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Luminous

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Winter glory

 

Bonus Chapter: Deer and Elk

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Outside of Enterprise, deer feeding

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Outside of Imbler, elk herding

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I don’t have the skill to convey this magnificent sight: about 300 elk

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Walking, loping, bunching together

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Move ’em out!

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Bull supervising the exodus

Thyme in a Bottle

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I harvested and dried thyme from my herb garden. This morning I painstakingly picked the leaves off the branches while I caught up on a few of my favorite podcasts. What you see represents two to three hands-on hours. Yep.

Curt (my husband) raised an eyebrow when the slow speed of the progress registered in his brain. Really, Babe? was what his face said. “You have NO IDEA of the preciousness of thyme,” was my curt reply. 🙂 I don’t see it as a waste of time to work on thyme. 

This is year 2 of the thyme revolution. It’s a life-changer! If you have a shred of belief in aromatherapy, you might comprehend the fund of joy I receive when I unscrew this lid and smell my dried thyme. Especially in February. Because I am a show-and-tell girl down to my DNA, I have been known to make visitors take a whiff.

“That spice cabinet is amazing!” they say.
“Thank you,” I politely say. “Smell my thyme.”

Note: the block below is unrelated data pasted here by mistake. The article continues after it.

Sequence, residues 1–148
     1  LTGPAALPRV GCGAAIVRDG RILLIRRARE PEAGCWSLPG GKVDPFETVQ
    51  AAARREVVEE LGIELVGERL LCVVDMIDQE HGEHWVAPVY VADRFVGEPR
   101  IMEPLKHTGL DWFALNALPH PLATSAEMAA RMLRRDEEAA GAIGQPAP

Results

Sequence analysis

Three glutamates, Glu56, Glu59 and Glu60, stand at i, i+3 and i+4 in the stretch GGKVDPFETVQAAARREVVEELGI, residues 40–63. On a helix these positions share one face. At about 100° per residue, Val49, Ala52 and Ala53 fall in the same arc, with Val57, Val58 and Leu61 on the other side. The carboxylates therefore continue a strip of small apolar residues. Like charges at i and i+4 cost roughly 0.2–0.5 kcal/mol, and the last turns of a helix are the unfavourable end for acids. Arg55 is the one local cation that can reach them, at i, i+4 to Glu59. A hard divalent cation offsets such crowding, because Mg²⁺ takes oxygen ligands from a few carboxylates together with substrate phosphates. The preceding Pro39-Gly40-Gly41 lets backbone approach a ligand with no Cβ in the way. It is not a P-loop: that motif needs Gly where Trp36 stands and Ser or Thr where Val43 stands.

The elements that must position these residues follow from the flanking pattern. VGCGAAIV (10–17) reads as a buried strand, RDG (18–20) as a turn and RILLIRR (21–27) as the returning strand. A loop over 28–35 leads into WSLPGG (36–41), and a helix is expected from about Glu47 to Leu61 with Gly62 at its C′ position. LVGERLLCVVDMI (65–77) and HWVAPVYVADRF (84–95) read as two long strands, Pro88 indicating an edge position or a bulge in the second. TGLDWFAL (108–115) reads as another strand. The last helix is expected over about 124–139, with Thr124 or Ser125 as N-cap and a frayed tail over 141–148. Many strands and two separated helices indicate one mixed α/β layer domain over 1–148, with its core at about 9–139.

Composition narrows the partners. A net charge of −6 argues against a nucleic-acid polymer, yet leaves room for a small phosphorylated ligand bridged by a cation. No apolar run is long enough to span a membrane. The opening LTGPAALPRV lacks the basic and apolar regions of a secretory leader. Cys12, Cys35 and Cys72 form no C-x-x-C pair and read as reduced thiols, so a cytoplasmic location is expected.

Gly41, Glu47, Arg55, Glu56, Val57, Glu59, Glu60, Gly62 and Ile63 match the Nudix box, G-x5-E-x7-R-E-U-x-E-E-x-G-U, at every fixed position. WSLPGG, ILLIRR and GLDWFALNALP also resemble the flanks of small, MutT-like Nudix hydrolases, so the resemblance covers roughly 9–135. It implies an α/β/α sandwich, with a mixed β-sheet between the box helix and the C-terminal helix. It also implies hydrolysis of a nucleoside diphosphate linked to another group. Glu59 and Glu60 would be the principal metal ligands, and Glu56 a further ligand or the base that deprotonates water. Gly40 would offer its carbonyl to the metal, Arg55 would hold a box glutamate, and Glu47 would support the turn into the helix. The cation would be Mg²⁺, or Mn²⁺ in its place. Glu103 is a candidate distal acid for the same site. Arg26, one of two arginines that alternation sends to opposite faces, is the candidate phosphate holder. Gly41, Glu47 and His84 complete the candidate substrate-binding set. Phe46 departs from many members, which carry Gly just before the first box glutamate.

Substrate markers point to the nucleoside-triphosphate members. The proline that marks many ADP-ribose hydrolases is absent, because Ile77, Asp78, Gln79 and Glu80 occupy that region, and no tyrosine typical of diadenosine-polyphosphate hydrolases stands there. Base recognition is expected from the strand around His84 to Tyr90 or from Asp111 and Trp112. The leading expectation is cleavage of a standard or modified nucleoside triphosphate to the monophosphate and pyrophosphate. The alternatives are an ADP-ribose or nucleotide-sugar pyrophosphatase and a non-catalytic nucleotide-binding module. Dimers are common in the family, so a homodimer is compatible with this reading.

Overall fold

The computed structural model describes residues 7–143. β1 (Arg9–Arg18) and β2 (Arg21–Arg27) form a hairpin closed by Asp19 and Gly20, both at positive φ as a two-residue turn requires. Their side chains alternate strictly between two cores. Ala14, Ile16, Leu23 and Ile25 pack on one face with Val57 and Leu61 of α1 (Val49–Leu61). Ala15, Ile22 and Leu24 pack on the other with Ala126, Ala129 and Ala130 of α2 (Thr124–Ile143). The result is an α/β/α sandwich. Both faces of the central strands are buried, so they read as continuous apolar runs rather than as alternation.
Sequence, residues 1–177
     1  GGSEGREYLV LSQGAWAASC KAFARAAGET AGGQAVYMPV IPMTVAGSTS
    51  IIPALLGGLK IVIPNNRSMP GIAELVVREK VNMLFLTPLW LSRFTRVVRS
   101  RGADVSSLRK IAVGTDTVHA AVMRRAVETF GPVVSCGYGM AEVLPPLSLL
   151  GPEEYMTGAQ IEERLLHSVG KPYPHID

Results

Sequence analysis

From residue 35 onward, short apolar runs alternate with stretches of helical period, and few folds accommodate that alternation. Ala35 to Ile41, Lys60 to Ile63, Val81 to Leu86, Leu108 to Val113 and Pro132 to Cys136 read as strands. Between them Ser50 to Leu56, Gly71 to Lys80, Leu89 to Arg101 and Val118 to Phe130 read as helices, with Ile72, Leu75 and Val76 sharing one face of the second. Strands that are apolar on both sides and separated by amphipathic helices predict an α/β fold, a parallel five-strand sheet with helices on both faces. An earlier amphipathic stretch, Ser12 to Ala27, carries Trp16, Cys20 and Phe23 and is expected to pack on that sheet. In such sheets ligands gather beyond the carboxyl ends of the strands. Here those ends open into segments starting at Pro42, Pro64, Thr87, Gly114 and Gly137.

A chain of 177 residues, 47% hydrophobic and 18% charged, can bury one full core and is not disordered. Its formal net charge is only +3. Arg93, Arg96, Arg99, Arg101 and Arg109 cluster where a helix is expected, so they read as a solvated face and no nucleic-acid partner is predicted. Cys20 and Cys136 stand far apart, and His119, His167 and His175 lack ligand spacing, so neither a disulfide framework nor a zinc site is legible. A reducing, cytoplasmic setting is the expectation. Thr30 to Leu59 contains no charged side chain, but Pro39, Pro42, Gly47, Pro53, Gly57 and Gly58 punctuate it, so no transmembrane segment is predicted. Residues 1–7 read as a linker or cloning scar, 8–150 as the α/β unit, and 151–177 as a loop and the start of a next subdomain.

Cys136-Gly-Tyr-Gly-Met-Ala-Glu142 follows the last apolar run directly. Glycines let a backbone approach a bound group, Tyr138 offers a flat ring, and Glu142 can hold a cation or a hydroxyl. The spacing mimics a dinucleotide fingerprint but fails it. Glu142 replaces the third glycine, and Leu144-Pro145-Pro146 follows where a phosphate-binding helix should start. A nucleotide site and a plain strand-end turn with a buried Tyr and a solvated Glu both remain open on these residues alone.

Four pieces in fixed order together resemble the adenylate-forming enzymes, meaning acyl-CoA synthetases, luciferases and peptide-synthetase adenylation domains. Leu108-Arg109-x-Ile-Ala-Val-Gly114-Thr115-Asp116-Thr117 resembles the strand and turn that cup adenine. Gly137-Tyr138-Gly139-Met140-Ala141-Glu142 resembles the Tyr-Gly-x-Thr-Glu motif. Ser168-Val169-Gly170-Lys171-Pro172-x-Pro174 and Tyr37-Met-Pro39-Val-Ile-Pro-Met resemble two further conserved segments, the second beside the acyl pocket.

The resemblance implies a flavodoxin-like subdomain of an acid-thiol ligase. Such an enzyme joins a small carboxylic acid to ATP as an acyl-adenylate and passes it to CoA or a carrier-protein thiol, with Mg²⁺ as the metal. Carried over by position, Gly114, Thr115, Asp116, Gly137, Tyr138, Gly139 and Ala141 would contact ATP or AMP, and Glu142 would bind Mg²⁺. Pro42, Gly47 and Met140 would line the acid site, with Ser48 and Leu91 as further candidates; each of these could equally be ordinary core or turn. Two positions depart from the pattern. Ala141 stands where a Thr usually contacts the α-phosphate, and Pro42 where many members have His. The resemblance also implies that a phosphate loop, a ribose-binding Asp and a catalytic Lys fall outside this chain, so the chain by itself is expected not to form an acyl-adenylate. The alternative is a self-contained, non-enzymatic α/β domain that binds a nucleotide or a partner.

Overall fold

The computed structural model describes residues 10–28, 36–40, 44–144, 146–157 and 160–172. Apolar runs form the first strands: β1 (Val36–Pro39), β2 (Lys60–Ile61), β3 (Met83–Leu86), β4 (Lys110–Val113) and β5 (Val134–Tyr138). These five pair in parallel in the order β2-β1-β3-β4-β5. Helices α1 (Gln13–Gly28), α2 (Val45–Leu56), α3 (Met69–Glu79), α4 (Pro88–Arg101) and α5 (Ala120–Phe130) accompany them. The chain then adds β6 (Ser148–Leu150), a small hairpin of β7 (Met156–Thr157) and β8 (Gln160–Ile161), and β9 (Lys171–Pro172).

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50 Years

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I woke up this morning to my brother’s Facebook update.

Psalm 62:8 (AV): Trust in him at all times; ye people, pour out your heart before him: God is a refuge for us.      My father read this to our family 50 years ago after the totally unexpected death of my mother, Nellie. Perhaps the most important event in our family’s history.
I still miss her.

In January, Dan and I talked about 2018 being the fiftieth year.  FIFTY. years.

Somewhere (WHY didn’t I copy it down?) recently I read about a man in his nineties who still mourned his mother’s death who died when he was a young boy. I spoke aloud, “I get that.”

No one has ever told me “Get over it”  but no doubt some have thought it. Oh, my friends. Bereavement has no expiration date.

Grief is a daily companion. A few calendar days make it acceptable to press the un-mute button, to give voice to the grief.

My friend Curtis said yesterday, “I was raised in the soil of sorrow.”

Some want an easy cure, a quick fix; some hate feeling uncomfortable; witnessing affliction is awkward. So they rush the mourning process and roll their eyes to silence the sobs.  They avoid minor keys. They cover pain with inane words.

It’s a delicate dance.
Acknowledging the lament without permanently lodging in it.
Expressing my hope without repressing my grief.
Growing in gratitude while voicing my groans.

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Ecclesiastes grows more precious (well, more understandable) to me every year.